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ETHNONYMS: Camileroi, Euahlayi, Gunilroy

The Kamilaroi were an Aboriginal group located in New South Wales, Australia, along the Barwon, Bundarra, Balonne, and upper Hunter rivers and in the Liverpool plains. They are now nearly extinct and only a small number remain. The Kamilaroi language, which is no longer spoken, is classified in the Pama-Nyungan Family of Australian languages.

The Kamilaroi were nomadic hunters and gatherers with a band-level social organization. Important vegetable foods were yams and other roots, as well as a sterculia grain, which was made into a bread. Insect larvae, frogs, and eggs of several different animals were also gathered. Various birds, kangaroos, emus, iguanas, opossums, echidnas, and bandicoots were among the important animals hunted. Dingo pups were regarded as a delicacy. Fish were also consumed, as were crayfish, mussels, and shrimp. Men typically hunted, cleaned, and prepared the game for cooking. Women did the actual cooking, in addition to fishing and gathering. Individual Kamilaroi did not eat animals that were their totems, although the Euahlayi, a related group, did not observe this restriction.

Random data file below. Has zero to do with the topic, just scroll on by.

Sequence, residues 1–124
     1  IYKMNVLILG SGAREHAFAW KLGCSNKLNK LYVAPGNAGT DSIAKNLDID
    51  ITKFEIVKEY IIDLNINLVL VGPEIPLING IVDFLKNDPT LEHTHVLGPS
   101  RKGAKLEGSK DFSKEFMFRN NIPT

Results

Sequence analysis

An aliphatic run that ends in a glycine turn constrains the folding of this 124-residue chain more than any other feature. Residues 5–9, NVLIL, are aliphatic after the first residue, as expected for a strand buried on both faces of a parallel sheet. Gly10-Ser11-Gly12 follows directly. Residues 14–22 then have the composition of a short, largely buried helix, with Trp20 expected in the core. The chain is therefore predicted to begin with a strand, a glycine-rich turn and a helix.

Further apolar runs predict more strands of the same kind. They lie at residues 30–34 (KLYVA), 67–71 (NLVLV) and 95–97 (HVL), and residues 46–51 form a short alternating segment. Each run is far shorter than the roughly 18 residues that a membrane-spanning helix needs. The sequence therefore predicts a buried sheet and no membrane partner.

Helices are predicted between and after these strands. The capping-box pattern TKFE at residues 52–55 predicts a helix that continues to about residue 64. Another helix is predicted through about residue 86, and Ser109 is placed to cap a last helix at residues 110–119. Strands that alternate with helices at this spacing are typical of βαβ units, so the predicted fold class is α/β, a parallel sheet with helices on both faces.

Their complex kinship and marriage system has made the Kamilaroi a group of considerable anthropological interest. At the most general level of social organization, the Kamilaroi were organized into exogamous matrimoities. Both moities were divided into four marriage classes. Also present within the moities were various sibs and lineages, each represented by several totems and subtotems. Descent was Matrilineal. The Kamilaroi had a four-class marriage system. Exogamy was the rule for each kin group, from the lineage through the moiety. Paternal half-sister marriage was reportedly the preferred form among the Euahlayi. The primary Economic units were the bands, which were composed of several households. Matrilineages were represented by subtotems and organized into a matrisib, which had its own totem. The sibs were members of one or the other matrimoieties. Intersecting with these groups based on kinship and descent were the four marriage classes, all of which were common to both matrimoieties.

Rites were held to encourage the propagation of totems. There were initiation ceremonies for both sexes, with circumcision for boys. Shamans (wireenun ) concerned themselves with curing illness and communicating with their dream spirits, who were often sent out on information-gathering missions. The Kamilaroi believed in an "All Father," the moral and kindly deity in the sky who received the souls of good Aborigines upon their death. Each individual was believed to have a soul, a dream spirit, and a shadow spirit. Sickness or death was believed to result if one's shadow spirit were molested or captured by a shaman. Some individuals also had the aid of a spirit helper.


Fison, Lorimer, and A. W. Howitt (1867). Kamilaroi and Kurnai: Group Marriage and Relationship, and Marriage by Elopement. Oosterhout, the Netherlands: Anthropological Publications.

Parker, K. Langloh (1905). The Euahlayi Tribe: a Study of Aboriginal Life in Australia. London: Archibald Constable.